Assuming that this had been the handiwork of Jana, who’d been lovingly called some therapists while both of the guys in my life (Ben, and the Guy Formerly on the Couch) had gone off to work, I continued speaking to him.
I spoke honestly: “I’m not so good – I think I need to come in for a session soon.”
“Okay, how’s Thursday at 1PM?” He asked. “Hopefully, I’ll have the air on by then – the storms cut off my power and water, which means I’m sweating like a pig.”
“Sounds good to me,” I snorted, the tears falling fast.
“I’ll pencil you in for every Thursday through July,” he said, clearly hearing sobs.
“Oookay,” I replied.
“Now, I was calling to ask about Dave – he has an appointment today and I have no air conditioning. Figured I’d double check with him as to whether he wanted to show. I don’t have his cell – what is it?”
I doled out Dave’s cell phone number and we exchanged our goodbyes.
I sat, staring at the phone somewhat quizzically – how had Jana known that this was my old therapist? Eventually, I sent Jana an IM – “did you call my old therapist?”
“Nope,” she said in her mouthful-of-sugar Southern accent. “Why?”
“He just called out of the blue. On the one day I’m having a nasty nervous breakdown.”
“Wow,” Jana said. “Wild.”
I was quiet a moment while I thought.
“That? That’s Providence,” I said. “With a capitol P.”
And thus began my road to recovery.
I was in the third grade when I had my first nervous breakdown.
No one ever quite knows if I’m joking when I say this – they’re always standing there all nervous-like, wondering if they should laugh or look sympathetic. It makes sense – half the people I know don’t know if I’m joking when I say anything from, “I’m having a miscarriage,” to “I just lost my best friend.” They’re accustomed to the punch-line, the quip, the joke, and when none comes, they stand there, shuffling their feet, looking around for someone to rescue them from what is now a decidedly awkward situation.
I never know whether to laugh or cry when I’ve put myself in this situation.
But it’s the truth – in third grade, I had my first nervous breakdown. I threatened suicide. My parents took me to a shrink, who’s name eludes me, but I want to call him, “Mark,” because I think that was his name. I’d sit there, week after week, staring at the curls on his head, which were tightly wound, as though he’d had a reverse shock treatment or a particularly bad perm. He’d have been the last white man with an Afro, had his hair not been dripping with hair product. His face reminded me of a reddened potato, the tell-tale alcoholic signs apparent to me even then – his nose looked somewhat like a potato, streaked with broken blood vessels and pores so large you could probably read a cryptic Morse code message in them.
I can’t remember what we discussed, but I do recall staring at his gigantic pores, wondering if I could, in fact, take a swim in them.
Eventually, I said enough of the right things to convince him that I was okay and I was discharged from treatment.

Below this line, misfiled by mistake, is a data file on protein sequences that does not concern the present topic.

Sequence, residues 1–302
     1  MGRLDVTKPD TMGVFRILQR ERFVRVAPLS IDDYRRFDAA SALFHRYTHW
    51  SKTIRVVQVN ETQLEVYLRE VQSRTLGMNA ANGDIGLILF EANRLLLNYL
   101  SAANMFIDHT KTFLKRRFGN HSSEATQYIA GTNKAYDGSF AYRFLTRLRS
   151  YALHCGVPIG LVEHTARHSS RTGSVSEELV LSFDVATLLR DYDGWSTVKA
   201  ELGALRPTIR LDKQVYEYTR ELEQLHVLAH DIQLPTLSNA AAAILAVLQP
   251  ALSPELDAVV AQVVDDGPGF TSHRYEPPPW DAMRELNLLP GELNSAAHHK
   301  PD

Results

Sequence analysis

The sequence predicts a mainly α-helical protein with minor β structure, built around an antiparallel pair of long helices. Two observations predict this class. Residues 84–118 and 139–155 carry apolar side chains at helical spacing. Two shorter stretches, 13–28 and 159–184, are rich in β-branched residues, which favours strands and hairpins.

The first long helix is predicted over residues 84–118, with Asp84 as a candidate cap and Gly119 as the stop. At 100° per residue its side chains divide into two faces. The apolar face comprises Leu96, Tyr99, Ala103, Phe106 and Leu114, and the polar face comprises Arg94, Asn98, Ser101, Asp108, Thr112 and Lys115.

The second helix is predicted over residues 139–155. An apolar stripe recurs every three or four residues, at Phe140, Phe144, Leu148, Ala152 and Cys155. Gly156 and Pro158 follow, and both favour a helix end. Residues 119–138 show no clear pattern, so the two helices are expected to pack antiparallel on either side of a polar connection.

I was eight years old.
I’ve had a few nervous breakdowns throughout the years, every now and again when the going gets too tough, the lie gets too big, and the pain is no longer able to be beaten back into submission. I’ve never found a good “cure” for these breakdowns – if I were an alcoholic, I’m sure I’d go on a binge, and hell, I’m half-tempted to TRY it just to make these feelings; this darkness stop.
I’d been spiraling quite awhile, of this there is no doubt. The thanks-but-no-thanks AVID letter was what clued me into it – and I did nothing, hoping the situation would go away, I’d be presented with (or find) another solution, or that this would blow over. That I’d wake up one day and not dread whatever the day would bring. That the pervasive sadness would somehow dissipate and I’d be left to see the world as it truly is, not distorted through the haze of sadness.
It didn’t work out.
Which is why I began my descent into nervous breakdown territory sometime late last week. I spent the weekend balled up on the couch, a weeping mess, unable to find the joy; the hope that had, mere moments before, been swirling about.
Monday, I told myself. Monday I’d call the doctor and get some help – it’s clear my antidepressants aren’t working properly, and the insomnia, maybe he’d be able to offer me something to beckon me to the Land of Nod beyond the cocktail of Benedryl and Melatonin taken in doses so ridiculous that I should’ve been dead.
Finally, Monday rolled around and when it did, I called the doctor. The phone rang and rang, without directing me to their directory “Press One If You Have An STD,” “Press Two If You Hate Medicaid.”
Also, it would serve to fit that the one time I genuinely needed to see my doctor, his phone wasn’t working. Fabulous. I’d finally hit my “semi-suicidal” state, and help was nowhere to be found. Unless, of course, I went to the ER, but what were they going to do? Illinois version of the Baker-Act? Tell me it was “all in my head” and make me feel worse? I didn’t know, but I knew that whatever happened there, I wouldn’t be ready for. And The Guy Formerly On My Couch had my car – I didn’t need an ambulance.